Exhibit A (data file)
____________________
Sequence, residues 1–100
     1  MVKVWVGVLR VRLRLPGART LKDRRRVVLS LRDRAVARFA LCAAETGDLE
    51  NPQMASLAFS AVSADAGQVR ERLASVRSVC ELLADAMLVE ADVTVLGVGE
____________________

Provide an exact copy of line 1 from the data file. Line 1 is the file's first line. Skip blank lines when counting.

Sequence, residues 1–100